Northeastern Section - 54th Annual Meeting - 2019

Paper No. 24-4
Presentation Time: 9:15 AM


PANTHI, Jeeban, Geosciences, University of Rhode Island, 9 E Alumni Ave, Woodward 332, Kingston, RI 02881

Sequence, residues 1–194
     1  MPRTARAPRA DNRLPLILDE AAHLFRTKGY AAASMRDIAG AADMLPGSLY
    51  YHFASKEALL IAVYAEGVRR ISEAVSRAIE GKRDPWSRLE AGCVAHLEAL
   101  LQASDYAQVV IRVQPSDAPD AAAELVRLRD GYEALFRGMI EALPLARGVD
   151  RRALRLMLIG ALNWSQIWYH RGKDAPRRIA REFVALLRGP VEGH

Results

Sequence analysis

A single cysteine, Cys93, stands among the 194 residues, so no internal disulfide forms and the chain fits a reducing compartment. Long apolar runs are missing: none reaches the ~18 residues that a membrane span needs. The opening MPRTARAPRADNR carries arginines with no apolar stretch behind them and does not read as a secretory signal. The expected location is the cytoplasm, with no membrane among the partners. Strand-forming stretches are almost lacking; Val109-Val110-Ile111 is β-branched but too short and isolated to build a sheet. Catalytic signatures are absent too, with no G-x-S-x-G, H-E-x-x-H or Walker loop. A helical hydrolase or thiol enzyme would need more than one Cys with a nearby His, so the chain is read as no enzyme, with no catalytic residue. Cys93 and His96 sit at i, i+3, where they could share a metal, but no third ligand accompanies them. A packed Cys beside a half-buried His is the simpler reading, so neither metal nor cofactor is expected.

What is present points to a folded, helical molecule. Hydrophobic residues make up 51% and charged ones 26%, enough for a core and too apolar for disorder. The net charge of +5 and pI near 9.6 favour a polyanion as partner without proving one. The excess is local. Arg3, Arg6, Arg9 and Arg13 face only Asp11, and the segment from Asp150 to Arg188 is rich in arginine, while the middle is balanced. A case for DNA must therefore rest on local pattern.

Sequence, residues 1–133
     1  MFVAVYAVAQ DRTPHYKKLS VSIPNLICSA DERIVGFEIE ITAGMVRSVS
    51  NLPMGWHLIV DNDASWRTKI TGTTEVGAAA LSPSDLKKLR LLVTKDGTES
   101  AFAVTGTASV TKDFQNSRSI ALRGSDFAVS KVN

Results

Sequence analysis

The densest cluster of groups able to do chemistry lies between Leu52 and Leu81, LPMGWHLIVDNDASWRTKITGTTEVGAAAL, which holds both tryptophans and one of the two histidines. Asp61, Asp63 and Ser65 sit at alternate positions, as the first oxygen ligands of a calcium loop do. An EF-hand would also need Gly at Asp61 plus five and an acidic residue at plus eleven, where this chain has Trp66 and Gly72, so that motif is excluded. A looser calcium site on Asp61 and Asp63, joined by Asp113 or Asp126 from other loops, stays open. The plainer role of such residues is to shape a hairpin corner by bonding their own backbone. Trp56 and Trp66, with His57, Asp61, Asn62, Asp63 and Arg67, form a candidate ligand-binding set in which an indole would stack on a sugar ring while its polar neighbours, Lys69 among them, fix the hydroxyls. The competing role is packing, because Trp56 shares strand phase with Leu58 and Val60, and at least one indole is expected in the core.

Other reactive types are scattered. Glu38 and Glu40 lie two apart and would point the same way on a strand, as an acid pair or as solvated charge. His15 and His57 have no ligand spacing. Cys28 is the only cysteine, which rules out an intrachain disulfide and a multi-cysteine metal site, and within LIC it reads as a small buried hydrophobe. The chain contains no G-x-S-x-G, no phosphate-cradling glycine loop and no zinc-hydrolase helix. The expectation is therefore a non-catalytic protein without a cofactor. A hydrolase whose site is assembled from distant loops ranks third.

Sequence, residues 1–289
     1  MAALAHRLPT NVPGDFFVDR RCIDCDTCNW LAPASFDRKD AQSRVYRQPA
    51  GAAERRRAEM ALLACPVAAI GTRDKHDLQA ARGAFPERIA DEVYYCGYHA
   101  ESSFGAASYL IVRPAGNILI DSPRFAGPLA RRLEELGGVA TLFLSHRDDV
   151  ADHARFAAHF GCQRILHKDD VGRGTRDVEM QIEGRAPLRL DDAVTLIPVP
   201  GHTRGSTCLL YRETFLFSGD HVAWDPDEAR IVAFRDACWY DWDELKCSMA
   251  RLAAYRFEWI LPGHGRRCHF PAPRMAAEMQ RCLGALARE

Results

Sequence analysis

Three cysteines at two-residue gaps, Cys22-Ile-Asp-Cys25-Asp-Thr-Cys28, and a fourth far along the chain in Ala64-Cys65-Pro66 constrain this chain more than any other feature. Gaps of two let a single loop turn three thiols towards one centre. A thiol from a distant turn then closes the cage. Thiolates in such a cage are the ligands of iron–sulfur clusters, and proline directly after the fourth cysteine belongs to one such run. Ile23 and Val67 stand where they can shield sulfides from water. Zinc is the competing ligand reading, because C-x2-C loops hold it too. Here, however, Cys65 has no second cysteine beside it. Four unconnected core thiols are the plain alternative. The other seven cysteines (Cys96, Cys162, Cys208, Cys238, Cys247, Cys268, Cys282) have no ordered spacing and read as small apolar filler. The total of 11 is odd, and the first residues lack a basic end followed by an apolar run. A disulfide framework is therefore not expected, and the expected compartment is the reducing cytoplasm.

Coastal aquifers are becoming more vulnerable to seawater intrusion because of the over-extraction of groundwater to feed the growing number of people moving into coastal areas. In addition, increasing climatic extremes, such as strong storms, affect the natural interaction of fresh groundwater and saline ocean water because storms can push saltwater landwards horizontally, can cause up-welling of saline water, or associated high rainfall can affect groundwater flow conditions. In Rhode Island, about 40% of the drinking water supply originates from wells and the rate is even higher along the southern coast. The interaction of storm surge and heavy precipitation during a storm event with coastal aquifers is the focus of this study. In particular, the project aims at analyzing the temporal variations of groundwater level, precipitation and sea level change using in-situ observation, and their interaction. We analyzed two storm events (hurricane Sandy in 2012 and nor' easter in 2018) to evaluate the signature of groundwater response to the storm events. Our results show that the sea level is rising and the storm events affect the groundwater in southern Rhode Island.